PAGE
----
Elections – The perfect time to buy favors | ThePoliticalBandit.com

Elections – The perfect time to buy favors

By Mitch Gurney

October 25, 2010

Some folks may have a Pollyanna view of our political system but when it comes to the mix of politics, money, and human greed I don’t. Wealth equals political power and more wealth equals more power. Election season is a perfect time for the wealthy, corporations, lobbyist, and other special interest to buy favors. Following the Supreme Court’s Citizens United ruling earlier this year the floodgate of campaign funds now has no limits with much of this activity lacking transparency as contributors remain mostly anonymous. Heaven help those of us who are not wealthy, which is the majority of the citizens of this nation. I’ve written about this problem a few times, ‘Government for Sale’ and ‘Politicians don’t REALLY want you to know whose buying our Elections.’

Following the court’s decision Congress attempted to pass legislation, The Disclose Act which sought to lift the veil of secrecy and bring more transparency to campaign funding but it met with defeat in the Senate after passing the House, as I wrote about in ‘Politicians don’t REALLY want you to know.’ If campaign contributions and lobbying isn’t sinister as some claim one would think bringing transparency to such activity would not be a partisan issue but obviously it is. Why did the Republicans in the House and a few Democrats vote against the Act? And in the Senate, why did the Republicans filibuster the Act? What are Republicans afraid of?

Currently there is a big debate over whether foreign interest may be influencing our elections which has turned into finger pointing between candidates and special interest as to who is and who is not revealing their contributors. Because the Disclose Act didn’t pass they’re not required to. Another part of the debate is over allegations that foreign money flowing through the U.S Chamber of Commerce is being used in contributing to this year’s elections and without transparency there is no way to prove these allegations. All this finger pointing is beyond the point and the debate should actually be over the lack of transparency. We need to know who is buying our elections – period end of discussion. Any elected official should be a steward of respectable and honest policy and the Disclose Act or something similar should be standard practice. If the counter argument is that the measure was flawed, well fix the damn thing. The following chart shows the flow of campaign money and who gets what following the court’s ruling:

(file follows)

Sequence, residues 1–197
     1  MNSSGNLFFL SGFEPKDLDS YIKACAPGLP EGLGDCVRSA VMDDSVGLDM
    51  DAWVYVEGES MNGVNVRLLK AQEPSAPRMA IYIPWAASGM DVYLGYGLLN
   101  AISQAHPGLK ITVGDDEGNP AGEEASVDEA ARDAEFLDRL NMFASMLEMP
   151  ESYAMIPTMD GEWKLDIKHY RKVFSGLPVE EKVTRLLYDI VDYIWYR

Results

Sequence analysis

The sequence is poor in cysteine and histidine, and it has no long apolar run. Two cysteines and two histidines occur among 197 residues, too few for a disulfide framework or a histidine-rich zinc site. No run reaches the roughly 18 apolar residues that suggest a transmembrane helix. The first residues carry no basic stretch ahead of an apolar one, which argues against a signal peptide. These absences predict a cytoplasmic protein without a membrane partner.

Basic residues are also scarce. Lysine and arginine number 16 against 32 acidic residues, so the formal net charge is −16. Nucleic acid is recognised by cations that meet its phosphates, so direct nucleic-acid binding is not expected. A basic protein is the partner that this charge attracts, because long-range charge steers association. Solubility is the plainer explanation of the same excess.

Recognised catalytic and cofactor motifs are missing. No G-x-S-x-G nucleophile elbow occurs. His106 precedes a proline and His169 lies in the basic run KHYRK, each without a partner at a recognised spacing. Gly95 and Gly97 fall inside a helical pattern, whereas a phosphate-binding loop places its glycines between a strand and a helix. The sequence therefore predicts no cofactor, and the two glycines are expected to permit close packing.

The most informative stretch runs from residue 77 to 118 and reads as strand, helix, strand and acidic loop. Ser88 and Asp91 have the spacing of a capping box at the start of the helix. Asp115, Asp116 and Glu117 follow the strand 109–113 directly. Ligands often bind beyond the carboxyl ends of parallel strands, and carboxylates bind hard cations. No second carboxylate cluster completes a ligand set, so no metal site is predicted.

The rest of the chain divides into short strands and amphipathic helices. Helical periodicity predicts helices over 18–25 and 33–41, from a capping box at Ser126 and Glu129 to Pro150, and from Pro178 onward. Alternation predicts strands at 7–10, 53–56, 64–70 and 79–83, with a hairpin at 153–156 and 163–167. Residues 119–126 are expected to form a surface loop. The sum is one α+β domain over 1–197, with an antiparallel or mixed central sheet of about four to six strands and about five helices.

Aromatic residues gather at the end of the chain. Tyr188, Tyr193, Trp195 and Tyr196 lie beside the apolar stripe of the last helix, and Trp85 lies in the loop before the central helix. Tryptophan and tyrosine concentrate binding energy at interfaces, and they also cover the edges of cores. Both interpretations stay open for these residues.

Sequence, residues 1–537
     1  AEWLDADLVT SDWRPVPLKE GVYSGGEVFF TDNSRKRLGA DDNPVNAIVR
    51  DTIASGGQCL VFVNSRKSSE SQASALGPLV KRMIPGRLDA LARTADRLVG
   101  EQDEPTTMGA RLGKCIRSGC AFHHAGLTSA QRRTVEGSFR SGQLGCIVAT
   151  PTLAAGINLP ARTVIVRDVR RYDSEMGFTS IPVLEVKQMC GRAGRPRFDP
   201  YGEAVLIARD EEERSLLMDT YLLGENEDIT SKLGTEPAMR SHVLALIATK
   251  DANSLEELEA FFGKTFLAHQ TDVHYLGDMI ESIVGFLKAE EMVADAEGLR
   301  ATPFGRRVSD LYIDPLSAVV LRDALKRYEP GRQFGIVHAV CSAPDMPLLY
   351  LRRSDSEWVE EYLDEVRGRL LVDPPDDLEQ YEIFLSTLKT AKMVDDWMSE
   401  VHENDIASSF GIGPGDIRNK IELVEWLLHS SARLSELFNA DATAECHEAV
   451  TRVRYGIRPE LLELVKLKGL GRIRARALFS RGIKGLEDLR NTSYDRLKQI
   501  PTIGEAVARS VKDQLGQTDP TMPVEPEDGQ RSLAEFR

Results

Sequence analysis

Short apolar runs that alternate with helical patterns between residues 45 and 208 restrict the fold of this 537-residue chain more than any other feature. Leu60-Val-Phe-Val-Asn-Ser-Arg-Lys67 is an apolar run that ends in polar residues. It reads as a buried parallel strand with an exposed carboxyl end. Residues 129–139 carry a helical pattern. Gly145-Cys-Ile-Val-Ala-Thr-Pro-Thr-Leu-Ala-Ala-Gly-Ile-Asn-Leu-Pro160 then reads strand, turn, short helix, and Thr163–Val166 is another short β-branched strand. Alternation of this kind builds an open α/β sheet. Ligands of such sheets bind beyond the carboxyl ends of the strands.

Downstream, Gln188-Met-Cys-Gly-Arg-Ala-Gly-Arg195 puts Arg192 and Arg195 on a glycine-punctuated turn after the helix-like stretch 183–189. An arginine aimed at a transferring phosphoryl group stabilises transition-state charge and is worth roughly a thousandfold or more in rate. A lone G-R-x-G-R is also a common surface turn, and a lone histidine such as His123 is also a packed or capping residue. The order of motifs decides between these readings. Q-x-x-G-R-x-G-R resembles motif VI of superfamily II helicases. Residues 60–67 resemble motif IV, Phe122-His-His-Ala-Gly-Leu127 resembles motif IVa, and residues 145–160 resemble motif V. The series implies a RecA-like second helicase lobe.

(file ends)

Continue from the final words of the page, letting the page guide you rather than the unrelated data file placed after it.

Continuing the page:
Click to zoom in on image

The midterm elections are just a little more than a week away and the thirst for money is in high gear and a floodgate of funds are flowing into candidate’s coffers with plenty of strings attached. With these lovely factors in mind, let’s take a look at a couple of possible big issues that might top the list for corporations and other special interest.

Big business and the Obama administration have not danced to well lately and I wrote about this in ‘Hey Mister can you Spare me a Job?’ I suspect the split has something to do with Obama Seeks End of Corporate Tax Break to raise $190 Billion.

Open Secrets.org reports the U.S Chamber of Commerce has stepped up its spending in Washington:

The massive business association has now spent more than $81.3 million on lobbying this year, easily earning its spot as the No. 1 spender between January and September. (Many other organizations and companies report spending using narrower definitions of lobbying, detailing only federal-level activities, while the Chamber reports spending on federal, state and grassroots lobbying.)

Businesses, like most of us, like to avoid paying taxes and are legally very successful at doing so. ABC reports that many companies are utilizing legal tax loops to shelter income, Google and Other U.S. Companies Dodge Billions in Taxes, Bloomberg Reports;

Google and other U.S. companies are using legal corporate tax loopholes to avoid paying the U.S. Treasury billions of dollars in corporate income taxes every year, according to a new report by Bloomberg News.

“Over the last three years, Google has saved over $3 billion,” said Bloomberg reporter Jesse Drucker, who broke the story.

Keeping those legal loopholes in place would be a big favor. It’s a small wonder why Big Business doesn’t like the Obama Administration.

The events surrounding the foreclosure crisis continues to unfold. There are a boat load of issues as most know and as I’ve written about in ‘The Foreclosure Crisis, No Big Deal Right? Think Again’ and ‘Understanding the Foreclosure Mess.’ As I wrote in ‘Understanding the Foreclosure Mess’ the bigger problem may exist in the financial losses banking firms could suffer should they be forced by investors to repurchase soured mortgage bonds. A recent Bloomberg reported in Mortgage Mess: Shredding the Dream: